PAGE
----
SFMTA Gets Input on Plans for a Better Embarcadero
SFMTA gets public feedback on Embarcadero Enhancement Project
Yesterday evening, the San Francisco Municipal Transportation Agency held an open house, at Pier 1 on the Embarcadero, to get public feedback for the Embarcadero Enhancement Project. From the SFMTA website:
The SFMTA, Port of San Francisco, San Francisco Planning Department and San Francisco Public Works Department are collaborating on a planning project that will increase safety and comfort of travel along The Embarcadero. Working with the community, the Embarcadero Enhancement Project seeks to develop a Complete Streets conceptual design and cost estimate that includes a bikeway along The Embarcadero from AT&T Park at King Street to the Fisherman’s Wharf area. A bikeway is a bicycle facility that is physically separated from moving or parked vehicles and pedestrians.
The meeting was split into two spaces to showcase and discuss two alternatives for the street. In one room, seen in the first photo after the break, was a “complete streets” plan that would put a curbside, protected bike lane on both sides of the Embarcadero. The other plan is exploring a bi-directional lane on the seaside promenade.
Jason Cohen, seen with the beard and mustache on the left in the picture below, is a tour guide. He supports any bike improvements, but was concerned about maintaining loading zones. “Safety could be an issue when a school group has to unload from a motor-coach,” he said. Marc Fong, on the right with the blue backpack, rides a bike but also takes ride-hails and is very aware of the continual conflicts. “They need to see how they configure things in Europe; in bike friendly countries,” he said. “They’ve come a long way since painted bike lanes.”
Michael Anderson, in the photo below, wants to see cars given the lowest priority on Embarcadero. “There are trade-offs,” he said. “The lowest trade-off is the private automobile.” He also said he wants to see narrower lanes, since the SFMTA minimum lane width, in his opinion, encourages motorists to speed. Kimberly Leung, on the right, is with SFMTA’s sustainable street division. She said 10.5-foot lanes are the preferred minimum width, but they could potentially go narrower on the Embarcadero.
Leung explained how the configuration might look, if SFMTA finds most people prefer the on-street bike lane option. See the diagram below:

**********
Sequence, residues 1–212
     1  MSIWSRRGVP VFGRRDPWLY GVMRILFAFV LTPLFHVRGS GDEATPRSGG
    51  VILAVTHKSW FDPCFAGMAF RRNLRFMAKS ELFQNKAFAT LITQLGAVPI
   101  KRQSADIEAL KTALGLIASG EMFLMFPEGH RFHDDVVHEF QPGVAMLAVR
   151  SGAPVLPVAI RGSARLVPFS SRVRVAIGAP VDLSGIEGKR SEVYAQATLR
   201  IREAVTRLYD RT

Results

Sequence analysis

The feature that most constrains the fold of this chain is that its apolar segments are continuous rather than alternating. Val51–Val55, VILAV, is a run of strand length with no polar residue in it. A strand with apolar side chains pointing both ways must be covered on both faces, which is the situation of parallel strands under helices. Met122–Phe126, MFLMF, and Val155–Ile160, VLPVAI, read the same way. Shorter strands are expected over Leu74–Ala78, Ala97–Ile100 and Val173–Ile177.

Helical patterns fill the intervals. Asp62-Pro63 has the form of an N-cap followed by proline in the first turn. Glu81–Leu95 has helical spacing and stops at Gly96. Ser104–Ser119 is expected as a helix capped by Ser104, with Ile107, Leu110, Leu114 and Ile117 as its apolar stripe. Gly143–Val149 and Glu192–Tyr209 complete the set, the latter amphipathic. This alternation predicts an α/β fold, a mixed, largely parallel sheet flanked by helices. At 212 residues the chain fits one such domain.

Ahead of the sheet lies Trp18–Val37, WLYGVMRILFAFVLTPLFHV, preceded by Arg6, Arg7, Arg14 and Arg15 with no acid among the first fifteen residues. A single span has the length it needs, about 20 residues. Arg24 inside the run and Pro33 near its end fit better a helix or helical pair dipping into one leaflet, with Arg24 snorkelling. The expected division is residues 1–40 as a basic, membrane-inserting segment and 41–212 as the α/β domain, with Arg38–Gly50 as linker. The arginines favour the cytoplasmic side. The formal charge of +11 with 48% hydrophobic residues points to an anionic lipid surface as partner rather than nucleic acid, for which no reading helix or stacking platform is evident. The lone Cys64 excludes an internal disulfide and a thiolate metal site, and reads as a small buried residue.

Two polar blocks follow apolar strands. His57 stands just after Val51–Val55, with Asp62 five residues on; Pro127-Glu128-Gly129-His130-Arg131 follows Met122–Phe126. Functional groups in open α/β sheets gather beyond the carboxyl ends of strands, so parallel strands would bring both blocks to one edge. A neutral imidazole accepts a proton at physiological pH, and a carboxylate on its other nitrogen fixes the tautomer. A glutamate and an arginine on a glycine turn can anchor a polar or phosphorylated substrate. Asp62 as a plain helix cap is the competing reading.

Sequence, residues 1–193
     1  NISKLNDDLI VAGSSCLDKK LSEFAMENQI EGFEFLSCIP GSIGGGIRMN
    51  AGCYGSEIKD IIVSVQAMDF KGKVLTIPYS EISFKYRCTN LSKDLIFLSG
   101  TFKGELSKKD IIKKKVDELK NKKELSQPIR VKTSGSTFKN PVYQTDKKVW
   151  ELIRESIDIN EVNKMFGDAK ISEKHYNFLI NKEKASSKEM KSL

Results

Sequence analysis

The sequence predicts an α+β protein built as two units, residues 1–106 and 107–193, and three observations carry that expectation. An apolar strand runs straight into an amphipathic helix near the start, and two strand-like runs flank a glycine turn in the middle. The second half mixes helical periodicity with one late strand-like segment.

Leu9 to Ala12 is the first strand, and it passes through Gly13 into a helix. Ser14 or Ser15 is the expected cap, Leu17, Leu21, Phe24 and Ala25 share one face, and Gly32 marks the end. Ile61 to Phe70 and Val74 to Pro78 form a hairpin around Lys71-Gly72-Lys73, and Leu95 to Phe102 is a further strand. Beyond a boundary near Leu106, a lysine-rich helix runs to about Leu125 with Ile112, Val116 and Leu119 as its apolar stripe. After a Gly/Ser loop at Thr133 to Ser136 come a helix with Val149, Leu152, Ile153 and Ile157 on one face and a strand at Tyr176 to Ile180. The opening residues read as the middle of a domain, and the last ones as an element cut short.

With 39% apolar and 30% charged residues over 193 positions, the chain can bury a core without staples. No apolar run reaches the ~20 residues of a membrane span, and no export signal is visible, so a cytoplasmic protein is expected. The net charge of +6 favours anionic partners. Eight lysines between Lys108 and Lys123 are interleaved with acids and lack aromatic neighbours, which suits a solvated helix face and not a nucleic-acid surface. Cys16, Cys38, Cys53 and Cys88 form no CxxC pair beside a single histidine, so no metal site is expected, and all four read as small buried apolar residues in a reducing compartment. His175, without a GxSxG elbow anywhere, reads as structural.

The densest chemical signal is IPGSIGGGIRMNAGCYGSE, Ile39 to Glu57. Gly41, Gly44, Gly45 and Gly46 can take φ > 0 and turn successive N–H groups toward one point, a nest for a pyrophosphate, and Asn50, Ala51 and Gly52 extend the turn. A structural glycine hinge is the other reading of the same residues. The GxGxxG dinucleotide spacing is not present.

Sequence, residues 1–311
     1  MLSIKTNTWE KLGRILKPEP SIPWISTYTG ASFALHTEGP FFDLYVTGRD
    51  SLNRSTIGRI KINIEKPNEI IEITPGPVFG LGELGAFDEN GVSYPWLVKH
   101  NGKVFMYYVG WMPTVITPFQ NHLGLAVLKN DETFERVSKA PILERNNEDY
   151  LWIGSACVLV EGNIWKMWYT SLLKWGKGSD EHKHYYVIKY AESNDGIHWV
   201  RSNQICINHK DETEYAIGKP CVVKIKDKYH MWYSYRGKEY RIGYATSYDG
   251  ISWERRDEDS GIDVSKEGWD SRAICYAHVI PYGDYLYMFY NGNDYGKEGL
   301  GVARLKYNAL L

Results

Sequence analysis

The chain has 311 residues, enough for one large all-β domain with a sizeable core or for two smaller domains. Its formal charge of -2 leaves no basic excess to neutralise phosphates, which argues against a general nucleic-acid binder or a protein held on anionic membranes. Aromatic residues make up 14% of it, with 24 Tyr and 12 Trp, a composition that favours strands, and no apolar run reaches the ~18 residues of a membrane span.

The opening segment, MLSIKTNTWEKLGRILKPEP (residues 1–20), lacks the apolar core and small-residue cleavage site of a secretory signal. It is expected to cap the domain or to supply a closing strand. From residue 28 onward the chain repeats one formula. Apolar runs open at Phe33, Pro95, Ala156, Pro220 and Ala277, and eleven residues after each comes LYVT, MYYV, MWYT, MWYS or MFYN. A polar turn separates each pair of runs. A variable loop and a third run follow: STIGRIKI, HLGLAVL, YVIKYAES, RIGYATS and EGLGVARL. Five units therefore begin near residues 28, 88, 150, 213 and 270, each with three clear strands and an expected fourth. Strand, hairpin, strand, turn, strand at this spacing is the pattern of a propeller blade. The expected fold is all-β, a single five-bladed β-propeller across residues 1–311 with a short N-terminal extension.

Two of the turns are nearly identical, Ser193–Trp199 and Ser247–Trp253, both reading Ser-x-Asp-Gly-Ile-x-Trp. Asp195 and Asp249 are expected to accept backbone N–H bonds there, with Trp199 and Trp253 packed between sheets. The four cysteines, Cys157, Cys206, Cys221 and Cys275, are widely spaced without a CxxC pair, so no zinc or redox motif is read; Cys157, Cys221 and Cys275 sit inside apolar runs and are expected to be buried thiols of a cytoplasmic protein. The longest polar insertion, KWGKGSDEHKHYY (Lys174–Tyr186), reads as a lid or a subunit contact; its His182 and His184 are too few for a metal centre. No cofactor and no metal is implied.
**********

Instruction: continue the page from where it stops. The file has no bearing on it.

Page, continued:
Meanwhile, in the other room, another set of SFMTA officials discussed the possibility of a two-way bike lane on the promenade itself. “The main purpose of this meeting is to find out which alignment” is preferred, explained Gabriel Ho, a project manager for SFMTA.
Streetsblog wondered why it was so important to pick one or the other–why not do both?
A two-way, seaside bike lane would be great for tourists who want to putter along and admire the Oakland Bay Bridge and the ocean, but commuters might prefer an on-street, protected bike lane so they can just get where they’re going. Currently, there’s already a pedicab route marked on the promenade (although it’s not well delineated) in addition to the existing bike lanes on the street, so the precedent of having both a tourist bike facility and a commuter bike lane is already there. “We’d have to see if the preference is there, but it’s possible to have both,” said Ho.
He also iterated that this is part of a “complete streets” project, so bike lanes are not the only thing they’re looking at. For example, they might try stop consolidation on the F-Market light rail, to make it a faster, more usable service. They’re studying lane reductions and street-parking elimination as well.
Meanwhile, just a couple of years ago SFMTA boasted about upgrading the Embarcadero’s bike lanes to “green status,” which was supposed to mean “next-generation bikeways that offer a convenient, comfortable and safe place for people from ages 8 to 80 to ride a bike.” But, of course, nobody would allow a small child to ride on the current configuration; the green paint doesn’t change the fact that cyclists are wedged dangerously between parked cars and fast-moving traffic. Nor does it change the fact that the lanes are routinely blocked.
Which begs the question, why didn’t SFMTA apply the paint along the curbside in the first place, and put in safe-hit posts or planters, so that cyclists are protected from moving traffic? Yes, car lanes might have to be narrowed to permit a sufficient buffer (part of what they’re looking at now) but do we really have to wait years and do outreach meetings on every single corridor for such improvements? Can’t SFMTA build better templates for all streets and do away with this elongated, piecemeal approach, at least on streets that have high-injury rates?
That said, better late than never–and anything that prevents the near constant conflicts between cars, cyclists, and pedestrians is welcome, especially on San Francisco’s iconic waterfront street.